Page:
The Lunalilo Mausoleum

The Lunalilo Mausoleum is one of the earliest concrete block buildings in Hawaii, and the final resting place for King Lunalilo and his father Charles Kanaina.

Prince William Charles Lunalilo succeeded King Kamehameha V to the throne in Hawaii. After only one year, King Lunalilo died at the age of 39 from tuburcolisis. Because of a disagreement with a rival branch of the royal family, Lunalilo chose to be buried on the grounds of Kawaiahao Church rather than the Royal Mausoleum

The interior of Lunalillo Mausoleum, also known as Lunalilo’s Tomb, contains two koa wood caskets of Lunalilo and his father on red-carpeted floors. Three kāhili encased in Italian marble are set near the caskets. 

Every year, on the date of King Lunalilo’s birthday, January 31, the Mausoleum area is open to the public. Lunalilo’s Tomb is located on the grounds of the Kawaiahao Church, at the corner of Punchbowl Street and King Street in downtown Honolulu.

A placard in front of the Mausoleum reads:

King William Charles Lunalilo (January 31, 1835 – February 3, 1874). King Kamehameha V died on December 11, 1872 without naming a successor to the throne. Prince William Lunalilo was the highest ranking chief at that time. Instead of claiming his birthright to the throne, he wanted the people to choose their next ruler in a democratic way. Lunalilo requested a special election which pitted him against David Kalakaua, a high chief, but not of the Kamehameha line. Seven days later on January 8, 1873, an entire city cheered as the legislature proclaimed that Lunalilo was not only ‘the people’s choice’ for king, but ‘the legislature’s choice’ too. On January 9, 1873, the Coronation of Lunalillo took place in Kawaiaha’o Church.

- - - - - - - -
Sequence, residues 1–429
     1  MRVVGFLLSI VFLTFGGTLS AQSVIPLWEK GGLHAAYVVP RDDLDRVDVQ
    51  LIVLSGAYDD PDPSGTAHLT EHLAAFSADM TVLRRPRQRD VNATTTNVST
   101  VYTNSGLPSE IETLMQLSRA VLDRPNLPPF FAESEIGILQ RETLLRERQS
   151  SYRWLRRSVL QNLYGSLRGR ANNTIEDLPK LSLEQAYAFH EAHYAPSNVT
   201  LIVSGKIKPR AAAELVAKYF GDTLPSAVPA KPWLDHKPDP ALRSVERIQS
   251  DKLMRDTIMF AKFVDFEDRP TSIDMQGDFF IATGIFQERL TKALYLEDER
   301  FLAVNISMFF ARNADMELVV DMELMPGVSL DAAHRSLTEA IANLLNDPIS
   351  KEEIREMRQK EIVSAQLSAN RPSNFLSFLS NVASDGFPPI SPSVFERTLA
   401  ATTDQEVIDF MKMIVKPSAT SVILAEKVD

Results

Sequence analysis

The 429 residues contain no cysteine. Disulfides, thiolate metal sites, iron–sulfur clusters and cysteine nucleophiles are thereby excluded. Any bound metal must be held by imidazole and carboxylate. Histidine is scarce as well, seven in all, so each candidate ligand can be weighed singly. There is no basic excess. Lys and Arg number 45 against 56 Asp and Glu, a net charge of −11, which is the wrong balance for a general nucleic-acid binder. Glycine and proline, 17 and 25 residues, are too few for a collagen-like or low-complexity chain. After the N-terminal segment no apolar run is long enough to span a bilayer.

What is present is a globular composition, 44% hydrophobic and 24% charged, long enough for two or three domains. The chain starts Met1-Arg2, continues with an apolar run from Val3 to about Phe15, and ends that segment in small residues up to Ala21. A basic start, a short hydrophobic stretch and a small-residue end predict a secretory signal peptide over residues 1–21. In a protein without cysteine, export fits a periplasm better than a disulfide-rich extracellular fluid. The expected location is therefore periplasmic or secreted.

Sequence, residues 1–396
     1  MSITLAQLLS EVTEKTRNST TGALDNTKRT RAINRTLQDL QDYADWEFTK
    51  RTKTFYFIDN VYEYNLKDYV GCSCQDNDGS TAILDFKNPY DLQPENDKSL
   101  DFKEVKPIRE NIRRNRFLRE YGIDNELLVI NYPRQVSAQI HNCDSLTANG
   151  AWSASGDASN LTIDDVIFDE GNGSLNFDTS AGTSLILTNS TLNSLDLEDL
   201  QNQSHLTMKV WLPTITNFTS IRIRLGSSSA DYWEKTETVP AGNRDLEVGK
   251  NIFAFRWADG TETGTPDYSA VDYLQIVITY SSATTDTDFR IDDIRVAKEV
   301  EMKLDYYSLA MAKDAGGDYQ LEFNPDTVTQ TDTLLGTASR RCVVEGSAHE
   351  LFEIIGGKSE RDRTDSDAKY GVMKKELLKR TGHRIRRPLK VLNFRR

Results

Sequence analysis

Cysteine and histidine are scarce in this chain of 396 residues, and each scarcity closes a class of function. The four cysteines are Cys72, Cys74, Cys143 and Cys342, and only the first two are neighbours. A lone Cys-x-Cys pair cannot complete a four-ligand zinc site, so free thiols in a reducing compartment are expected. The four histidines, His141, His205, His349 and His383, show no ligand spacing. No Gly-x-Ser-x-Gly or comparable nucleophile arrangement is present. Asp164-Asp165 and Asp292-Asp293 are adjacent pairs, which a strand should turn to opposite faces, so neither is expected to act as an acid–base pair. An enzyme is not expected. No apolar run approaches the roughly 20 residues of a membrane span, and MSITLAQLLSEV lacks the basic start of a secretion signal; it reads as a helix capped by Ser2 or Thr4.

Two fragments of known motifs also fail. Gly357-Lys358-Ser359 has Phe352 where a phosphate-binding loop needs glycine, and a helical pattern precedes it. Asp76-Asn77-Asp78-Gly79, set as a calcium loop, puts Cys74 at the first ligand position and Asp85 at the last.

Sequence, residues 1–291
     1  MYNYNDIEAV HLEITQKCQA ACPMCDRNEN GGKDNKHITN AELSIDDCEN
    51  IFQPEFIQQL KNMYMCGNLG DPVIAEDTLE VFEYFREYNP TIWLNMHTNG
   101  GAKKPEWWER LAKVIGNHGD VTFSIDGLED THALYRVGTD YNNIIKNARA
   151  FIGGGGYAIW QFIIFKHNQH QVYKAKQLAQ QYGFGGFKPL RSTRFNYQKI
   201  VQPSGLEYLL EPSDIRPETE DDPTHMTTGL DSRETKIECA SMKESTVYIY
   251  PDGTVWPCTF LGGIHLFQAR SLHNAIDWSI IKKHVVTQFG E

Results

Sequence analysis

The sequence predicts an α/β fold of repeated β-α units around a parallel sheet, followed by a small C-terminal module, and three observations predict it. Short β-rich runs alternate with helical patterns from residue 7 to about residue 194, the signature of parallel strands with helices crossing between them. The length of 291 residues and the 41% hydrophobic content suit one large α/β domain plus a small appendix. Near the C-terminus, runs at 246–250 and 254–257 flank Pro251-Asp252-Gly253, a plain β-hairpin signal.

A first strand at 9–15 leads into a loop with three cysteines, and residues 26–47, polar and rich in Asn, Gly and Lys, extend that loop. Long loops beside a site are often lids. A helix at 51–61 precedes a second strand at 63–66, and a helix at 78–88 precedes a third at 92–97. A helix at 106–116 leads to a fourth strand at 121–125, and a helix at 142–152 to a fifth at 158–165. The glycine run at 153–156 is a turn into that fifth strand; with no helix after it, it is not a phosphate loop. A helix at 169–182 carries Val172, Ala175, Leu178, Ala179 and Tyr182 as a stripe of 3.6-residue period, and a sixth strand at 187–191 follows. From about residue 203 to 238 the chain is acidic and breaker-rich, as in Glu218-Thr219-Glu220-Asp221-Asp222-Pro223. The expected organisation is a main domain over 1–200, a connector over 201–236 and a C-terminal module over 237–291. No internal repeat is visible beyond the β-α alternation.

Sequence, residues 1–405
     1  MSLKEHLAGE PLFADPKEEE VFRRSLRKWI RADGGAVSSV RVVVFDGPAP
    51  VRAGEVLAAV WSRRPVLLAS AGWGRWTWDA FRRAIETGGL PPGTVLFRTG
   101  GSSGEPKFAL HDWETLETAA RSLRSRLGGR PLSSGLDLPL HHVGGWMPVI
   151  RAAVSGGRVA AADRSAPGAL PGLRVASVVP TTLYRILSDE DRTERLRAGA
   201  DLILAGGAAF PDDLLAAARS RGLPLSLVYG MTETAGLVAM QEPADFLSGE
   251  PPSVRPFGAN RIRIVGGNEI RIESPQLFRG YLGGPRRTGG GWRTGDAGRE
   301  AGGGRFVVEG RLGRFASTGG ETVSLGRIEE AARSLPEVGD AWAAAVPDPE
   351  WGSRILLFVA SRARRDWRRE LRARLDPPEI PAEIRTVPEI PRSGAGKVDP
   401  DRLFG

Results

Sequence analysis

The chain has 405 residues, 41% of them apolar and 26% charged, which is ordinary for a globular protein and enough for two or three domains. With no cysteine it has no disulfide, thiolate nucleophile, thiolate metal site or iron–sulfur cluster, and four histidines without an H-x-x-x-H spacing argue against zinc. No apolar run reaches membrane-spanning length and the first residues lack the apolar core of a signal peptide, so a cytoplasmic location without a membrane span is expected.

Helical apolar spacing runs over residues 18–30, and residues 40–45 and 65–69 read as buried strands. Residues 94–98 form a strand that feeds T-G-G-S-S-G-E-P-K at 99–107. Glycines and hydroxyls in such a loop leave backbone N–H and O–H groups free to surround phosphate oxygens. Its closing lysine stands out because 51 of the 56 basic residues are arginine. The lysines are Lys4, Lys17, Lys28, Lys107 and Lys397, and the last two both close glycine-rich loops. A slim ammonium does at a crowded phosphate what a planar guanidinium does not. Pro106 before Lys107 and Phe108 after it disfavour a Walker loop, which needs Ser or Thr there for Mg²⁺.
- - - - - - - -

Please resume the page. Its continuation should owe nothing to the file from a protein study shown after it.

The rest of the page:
King Lunalilo died at thirty-nine years of age on February 3, 1874. He had reigned for only one year and twenty five days. Lunalilo did not name a successor to the throne. He insisted that the choice of the next monarch should rest in the hands of his people. The service for Lunalilo was conducted by the Reverend Henry Parker of Kawaiaha’o Church and his body was temporarily taken to the Royal Mausoleum in Nu’uanu Valley until his tomb at Kawaiaha’o Church was ready.

One of the king’s last wishes was to be put to rest at Kawaiaha’o Church instead of the Royal Mausoleum. Lunalilo was ‘the people’s choice.’ They had loved him and he had returned their love by being buried at the cemetery with the common people he loved he felt he would be closer to them. When the remains of Hawaii’s royalty were removed from the royal tomb on Iolani Palace grounds and taken to the Royal Mausoleum in Nuuanau, the remains of Lunalilo’s mother, Kekauluohi, were not taken to the Royal Mausoleum. This may have been an oversight no one knows. However, Lunalillo chose to be bured on Kawaiahao Church grounds not at the Royal Mausoleum.

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